Access Rights vs. Re-Use Rights (CC-BY): Online access to peer-reviewed research, free to all users, not just subscribers, is urgently needed in all fields of scholarly and scientific research. There exists no field of research publication in which access-denial is not a problem: for users, in terms of lost access to findings, for authors, in terms of lost user uptake and usage of their findings, and for the tax-paying public who fund the research, there is the lost return on their investment, in terms of lost research uptake, usage, applications, impact, productivity and progress.
Apart from the urgent and universal need for access to research findings, there are also further potential benefits from being able to re-use the texts of the articles in various ways: to text-mine and data-mine them by machine as well as to re-publish them in various new re-mixes or “mashups.”
However, this further need for re-use rights, over and above online-access rights is neither urgent nor universal. In some fields, such as crystallography, certain journal-article re-use rights would indeed be very useful today; but in most fields the need for journal-article re-use rights is not pressing. Indeed many authors may not even want to allow it -- especially in the humanities, where preserving text-integrity is particularly important, but also in other scholarly and scientific fields where authors are resistant to allowing re-mix and re-publication rights on their verbatim texts:
Note that all users that can access them are of course already free to re-use the findings (i.e., the content of the texts) of published articles (as long as author credit is provided through citation). But free online access already allows the re-use of findings. Text re-mixes and re-publication are another matter.
Moreover, there is an important negative interaction between re-use rights and publisher embargoes on Green OA: If Green OA did not just mean online-access rights, but also re-use and re-publication rights (e.g., CC-BY), then publishers would understandably be much more inclined to embargo Green OA: For if they authorized immediate re-publication rights, their own opportunity to recover their investment could be undercut by rival publishers free-riding on their content immediately upon publication! So subscription publisher embargoes on Green OA (now only 40%) would multiply and lengthen if re-use rights, over and above free online access, were mandated too.
The optimal OA policy is hence to mandate only free online access, and leave it up to the publisher and the author what further re-use rights they may wish to grant.Once mandatory Green OA prevails universally, all this will change, and authors will be able to grant whatever rights they wish. But pre-emptive insistence on re-use rights today will only serve to further retard and constrain basic access-rights and provoke author resistance and noncompliance.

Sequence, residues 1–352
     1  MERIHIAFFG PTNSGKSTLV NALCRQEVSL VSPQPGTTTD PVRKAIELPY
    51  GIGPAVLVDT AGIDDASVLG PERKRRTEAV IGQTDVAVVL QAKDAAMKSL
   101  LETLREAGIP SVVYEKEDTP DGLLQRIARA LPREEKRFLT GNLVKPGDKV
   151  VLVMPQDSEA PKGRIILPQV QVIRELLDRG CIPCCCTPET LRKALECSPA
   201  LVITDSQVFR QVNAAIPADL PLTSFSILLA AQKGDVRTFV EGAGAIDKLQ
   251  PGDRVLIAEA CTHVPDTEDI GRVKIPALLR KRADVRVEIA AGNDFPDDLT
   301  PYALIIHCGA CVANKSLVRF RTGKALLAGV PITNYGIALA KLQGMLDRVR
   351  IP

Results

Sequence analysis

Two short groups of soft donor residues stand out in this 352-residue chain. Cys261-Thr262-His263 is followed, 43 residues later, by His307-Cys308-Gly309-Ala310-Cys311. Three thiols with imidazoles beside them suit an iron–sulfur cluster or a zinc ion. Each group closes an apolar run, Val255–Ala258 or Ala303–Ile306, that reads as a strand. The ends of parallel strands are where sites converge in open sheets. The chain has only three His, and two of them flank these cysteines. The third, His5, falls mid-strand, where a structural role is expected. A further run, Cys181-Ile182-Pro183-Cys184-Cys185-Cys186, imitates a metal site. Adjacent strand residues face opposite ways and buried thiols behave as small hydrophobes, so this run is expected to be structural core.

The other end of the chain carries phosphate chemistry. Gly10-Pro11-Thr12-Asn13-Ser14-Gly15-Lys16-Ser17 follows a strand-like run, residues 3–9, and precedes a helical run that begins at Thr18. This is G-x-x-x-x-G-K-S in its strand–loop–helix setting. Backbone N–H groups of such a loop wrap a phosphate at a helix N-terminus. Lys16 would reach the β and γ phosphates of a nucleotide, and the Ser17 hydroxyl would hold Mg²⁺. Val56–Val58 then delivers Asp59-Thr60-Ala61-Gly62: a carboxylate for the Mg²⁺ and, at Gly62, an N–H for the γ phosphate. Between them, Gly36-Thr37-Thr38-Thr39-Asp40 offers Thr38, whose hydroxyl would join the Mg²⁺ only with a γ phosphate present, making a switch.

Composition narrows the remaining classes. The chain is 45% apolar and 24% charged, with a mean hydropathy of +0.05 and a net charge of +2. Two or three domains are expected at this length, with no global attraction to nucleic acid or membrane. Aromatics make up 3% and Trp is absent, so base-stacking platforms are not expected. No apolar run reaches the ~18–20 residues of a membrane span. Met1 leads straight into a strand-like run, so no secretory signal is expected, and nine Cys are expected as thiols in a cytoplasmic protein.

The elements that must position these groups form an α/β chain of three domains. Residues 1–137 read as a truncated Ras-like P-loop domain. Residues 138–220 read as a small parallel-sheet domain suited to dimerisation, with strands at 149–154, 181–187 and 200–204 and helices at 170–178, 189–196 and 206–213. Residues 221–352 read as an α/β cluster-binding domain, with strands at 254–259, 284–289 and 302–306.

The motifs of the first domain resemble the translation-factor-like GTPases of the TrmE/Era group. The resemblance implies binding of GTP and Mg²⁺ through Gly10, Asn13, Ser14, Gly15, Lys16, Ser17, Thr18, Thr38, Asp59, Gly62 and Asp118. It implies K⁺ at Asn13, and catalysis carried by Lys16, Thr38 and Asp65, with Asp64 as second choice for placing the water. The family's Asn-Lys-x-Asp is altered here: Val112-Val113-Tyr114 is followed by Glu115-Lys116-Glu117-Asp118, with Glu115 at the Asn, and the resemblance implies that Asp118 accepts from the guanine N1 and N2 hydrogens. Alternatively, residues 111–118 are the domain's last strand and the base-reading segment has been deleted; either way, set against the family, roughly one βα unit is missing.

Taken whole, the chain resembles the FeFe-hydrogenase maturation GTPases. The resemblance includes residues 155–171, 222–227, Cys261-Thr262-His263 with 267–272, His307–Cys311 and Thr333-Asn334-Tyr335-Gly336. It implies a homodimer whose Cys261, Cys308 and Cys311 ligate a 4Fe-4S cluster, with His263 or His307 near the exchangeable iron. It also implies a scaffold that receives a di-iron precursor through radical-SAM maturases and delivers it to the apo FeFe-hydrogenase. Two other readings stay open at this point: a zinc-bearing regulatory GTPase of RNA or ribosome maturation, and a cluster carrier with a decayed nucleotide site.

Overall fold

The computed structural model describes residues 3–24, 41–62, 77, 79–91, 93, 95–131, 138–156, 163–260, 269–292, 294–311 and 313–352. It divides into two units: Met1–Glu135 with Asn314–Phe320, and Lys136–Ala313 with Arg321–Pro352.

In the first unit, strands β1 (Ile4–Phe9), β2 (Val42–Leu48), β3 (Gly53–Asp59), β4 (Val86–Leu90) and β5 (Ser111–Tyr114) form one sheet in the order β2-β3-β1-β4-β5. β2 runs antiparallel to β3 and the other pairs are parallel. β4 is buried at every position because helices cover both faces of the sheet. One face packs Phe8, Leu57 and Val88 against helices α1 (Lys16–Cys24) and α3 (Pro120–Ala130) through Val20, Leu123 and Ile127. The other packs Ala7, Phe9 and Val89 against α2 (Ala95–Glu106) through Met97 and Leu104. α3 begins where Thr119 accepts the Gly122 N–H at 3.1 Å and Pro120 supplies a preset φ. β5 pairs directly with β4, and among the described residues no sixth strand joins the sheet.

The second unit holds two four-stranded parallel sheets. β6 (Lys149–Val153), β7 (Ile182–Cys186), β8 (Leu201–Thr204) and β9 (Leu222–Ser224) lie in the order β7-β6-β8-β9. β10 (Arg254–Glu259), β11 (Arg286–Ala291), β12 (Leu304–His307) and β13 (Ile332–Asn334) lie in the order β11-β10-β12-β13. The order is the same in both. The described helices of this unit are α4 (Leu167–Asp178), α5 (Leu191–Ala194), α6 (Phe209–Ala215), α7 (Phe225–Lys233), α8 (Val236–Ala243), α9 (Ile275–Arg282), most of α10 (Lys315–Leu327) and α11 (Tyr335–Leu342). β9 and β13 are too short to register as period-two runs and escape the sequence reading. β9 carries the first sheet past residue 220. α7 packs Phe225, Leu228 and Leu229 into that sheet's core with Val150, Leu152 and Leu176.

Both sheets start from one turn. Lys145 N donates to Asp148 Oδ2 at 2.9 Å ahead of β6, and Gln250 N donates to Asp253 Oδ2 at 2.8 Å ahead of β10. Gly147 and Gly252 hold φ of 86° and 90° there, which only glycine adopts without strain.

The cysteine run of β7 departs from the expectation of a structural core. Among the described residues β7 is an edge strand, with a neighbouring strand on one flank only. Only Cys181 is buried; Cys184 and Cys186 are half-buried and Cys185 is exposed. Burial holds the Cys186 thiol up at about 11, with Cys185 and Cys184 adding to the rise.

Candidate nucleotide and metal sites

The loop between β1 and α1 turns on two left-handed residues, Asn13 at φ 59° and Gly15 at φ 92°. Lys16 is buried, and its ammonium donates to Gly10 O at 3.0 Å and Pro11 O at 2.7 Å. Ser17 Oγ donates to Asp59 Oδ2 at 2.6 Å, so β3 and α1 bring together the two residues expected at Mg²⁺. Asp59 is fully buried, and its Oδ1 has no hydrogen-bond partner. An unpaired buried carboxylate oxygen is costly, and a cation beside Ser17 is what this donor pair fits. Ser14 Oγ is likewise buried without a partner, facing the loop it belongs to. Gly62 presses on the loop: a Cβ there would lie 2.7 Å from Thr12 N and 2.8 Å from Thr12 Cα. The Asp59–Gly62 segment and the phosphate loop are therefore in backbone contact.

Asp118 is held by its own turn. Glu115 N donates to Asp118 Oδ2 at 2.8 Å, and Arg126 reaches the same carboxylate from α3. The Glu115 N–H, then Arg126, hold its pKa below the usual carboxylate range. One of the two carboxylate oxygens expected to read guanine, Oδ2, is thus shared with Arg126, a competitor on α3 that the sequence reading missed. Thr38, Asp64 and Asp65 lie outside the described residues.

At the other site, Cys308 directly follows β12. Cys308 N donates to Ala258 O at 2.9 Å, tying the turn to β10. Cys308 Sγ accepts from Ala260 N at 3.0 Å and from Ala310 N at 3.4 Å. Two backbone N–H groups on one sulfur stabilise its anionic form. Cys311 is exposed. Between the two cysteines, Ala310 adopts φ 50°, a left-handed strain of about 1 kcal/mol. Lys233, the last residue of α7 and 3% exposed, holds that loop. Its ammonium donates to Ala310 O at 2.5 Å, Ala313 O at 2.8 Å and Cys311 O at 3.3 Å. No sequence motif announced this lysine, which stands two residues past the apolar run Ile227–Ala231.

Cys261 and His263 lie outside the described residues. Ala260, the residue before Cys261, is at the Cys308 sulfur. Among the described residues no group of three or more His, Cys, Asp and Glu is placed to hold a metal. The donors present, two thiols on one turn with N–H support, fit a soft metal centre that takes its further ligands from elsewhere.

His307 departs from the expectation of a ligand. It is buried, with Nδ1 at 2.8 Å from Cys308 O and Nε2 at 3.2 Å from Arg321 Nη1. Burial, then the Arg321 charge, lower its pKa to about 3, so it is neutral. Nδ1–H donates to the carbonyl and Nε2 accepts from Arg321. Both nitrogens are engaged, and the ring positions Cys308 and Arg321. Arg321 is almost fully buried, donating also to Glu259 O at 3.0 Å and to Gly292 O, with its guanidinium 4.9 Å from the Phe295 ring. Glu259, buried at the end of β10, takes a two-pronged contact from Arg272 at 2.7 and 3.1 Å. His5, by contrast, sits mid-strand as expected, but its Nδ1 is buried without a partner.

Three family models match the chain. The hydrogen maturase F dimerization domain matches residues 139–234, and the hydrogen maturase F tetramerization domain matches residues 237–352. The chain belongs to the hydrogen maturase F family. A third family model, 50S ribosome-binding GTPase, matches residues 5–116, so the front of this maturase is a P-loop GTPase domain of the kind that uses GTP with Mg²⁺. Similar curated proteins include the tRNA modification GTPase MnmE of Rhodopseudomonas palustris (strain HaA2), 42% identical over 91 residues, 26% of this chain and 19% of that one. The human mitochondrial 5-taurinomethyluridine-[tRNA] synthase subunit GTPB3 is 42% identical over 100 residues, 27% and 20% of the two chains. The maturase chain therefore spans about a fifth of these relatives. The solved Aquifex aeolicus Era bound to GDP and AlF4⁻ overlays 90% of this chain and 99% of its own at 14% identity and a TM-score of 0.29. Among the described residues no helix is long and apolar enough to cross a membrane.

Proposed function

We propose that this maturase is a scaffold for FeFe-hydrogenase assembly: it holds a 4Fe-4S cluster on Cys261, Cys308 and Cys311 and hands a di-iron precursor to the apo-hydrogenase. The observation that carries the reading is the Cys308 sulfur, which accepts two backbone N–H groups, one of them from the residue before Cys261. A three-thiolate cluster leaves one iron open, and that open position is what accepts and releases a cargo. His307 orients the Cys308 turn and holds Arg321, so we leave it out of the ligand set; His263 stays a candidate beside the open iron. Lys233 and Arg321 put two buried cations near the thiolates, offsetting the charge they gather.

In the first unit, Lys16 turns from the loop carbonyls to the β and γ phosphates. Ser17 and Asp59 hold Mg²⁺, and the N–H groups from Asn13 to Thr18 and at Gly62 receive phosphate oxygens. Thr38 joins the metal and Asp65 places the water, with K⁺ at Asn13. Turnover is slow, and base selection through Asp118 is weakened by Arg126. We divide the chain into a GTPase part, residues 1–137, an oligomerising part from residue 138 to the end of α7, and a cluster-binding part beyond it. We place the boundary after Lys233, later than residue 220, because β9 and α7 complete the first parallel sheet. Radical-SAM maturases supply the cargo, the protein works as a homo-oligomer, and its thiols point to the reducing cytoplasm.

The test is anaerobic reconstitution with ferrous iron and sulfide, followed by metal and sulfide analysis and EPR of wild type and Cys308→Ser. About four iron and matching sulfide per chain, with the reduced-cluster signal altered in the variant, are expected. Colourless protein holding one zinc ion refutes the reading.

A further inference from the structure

Author Choice and Journal Quality: One of the most fundamental rights of scholars and scientists is the right to choose whether, when and where to publish their findings. It is a great (and unnecessary) strategic mistake – and will only generate author resistance and policy failure – to try to force scientists and scholars to choose journals based on the journal’s economic model (subscription or Gold), licensing policy (CC-BY) or embargo length instead of the journal’s quality and suitability.
Journals earn quality track-records on the basis of the level of the peer-review standards that they maintain. Researchers – as well as their institutions and funders – want to meet the highest quality standards they can. And users rely on them to judge what work is of sufficient quality to risk investing their scarce time and resources into reading, using, and trying to apply and build upon. Unreliable and invalid research can retard productivity and progress just as surely as access-denial can.
The only requirement of an OA mandate should be immediate deposit of the final draft, with as short an embargo on OA as feasible, and as many re-use rights as the author can and wishes to allow. No restriction on journal choice, which should be based on journal quality-standards alone.Gold OA and CC-BY should be left as options for authors to choose if and when they wish. They will grow naturally of their own accord once mandatory immediate-deposit becomes universal.